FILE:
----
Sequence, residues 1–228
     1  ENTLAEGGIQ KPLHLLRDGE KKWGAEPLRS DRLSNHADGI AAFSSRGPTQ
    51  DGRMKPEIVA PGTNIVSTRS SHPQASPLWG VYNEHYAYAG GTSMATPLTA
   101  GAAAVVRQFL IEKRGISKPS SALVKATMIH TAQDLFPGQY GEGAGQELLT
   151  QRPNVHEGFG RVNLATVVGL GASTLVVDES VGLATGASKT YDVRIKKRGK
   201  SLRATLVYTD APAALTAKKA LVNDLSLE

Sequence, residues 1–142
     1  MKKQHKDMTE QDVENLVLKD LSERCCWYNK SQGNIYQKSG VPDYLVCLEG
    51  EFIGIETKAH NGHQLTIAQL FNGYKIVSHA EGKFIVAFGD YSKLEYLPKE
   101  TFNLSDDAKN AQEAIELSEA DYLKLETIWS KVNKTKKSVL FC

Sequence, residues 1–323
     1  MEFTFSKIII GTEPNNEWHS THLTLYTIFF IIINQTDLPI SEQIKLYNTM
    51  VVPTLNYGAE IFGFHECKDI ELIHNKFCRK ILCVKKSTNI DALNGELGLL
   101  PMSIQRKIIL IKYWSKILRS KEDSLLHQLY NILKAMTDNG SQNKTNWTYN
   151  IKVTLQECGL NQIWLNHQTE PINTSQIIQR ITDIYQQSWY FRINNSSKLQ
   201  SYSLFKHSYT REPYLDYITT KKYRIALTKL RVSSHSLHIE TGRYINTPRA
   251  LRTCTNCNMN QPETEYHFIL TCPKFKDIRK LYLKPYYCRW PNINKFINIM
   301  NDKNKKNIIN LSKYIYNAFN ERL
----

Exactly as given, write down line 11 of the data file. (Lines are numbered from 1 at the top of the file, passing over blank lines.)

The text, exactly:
Sequence, residues 1–323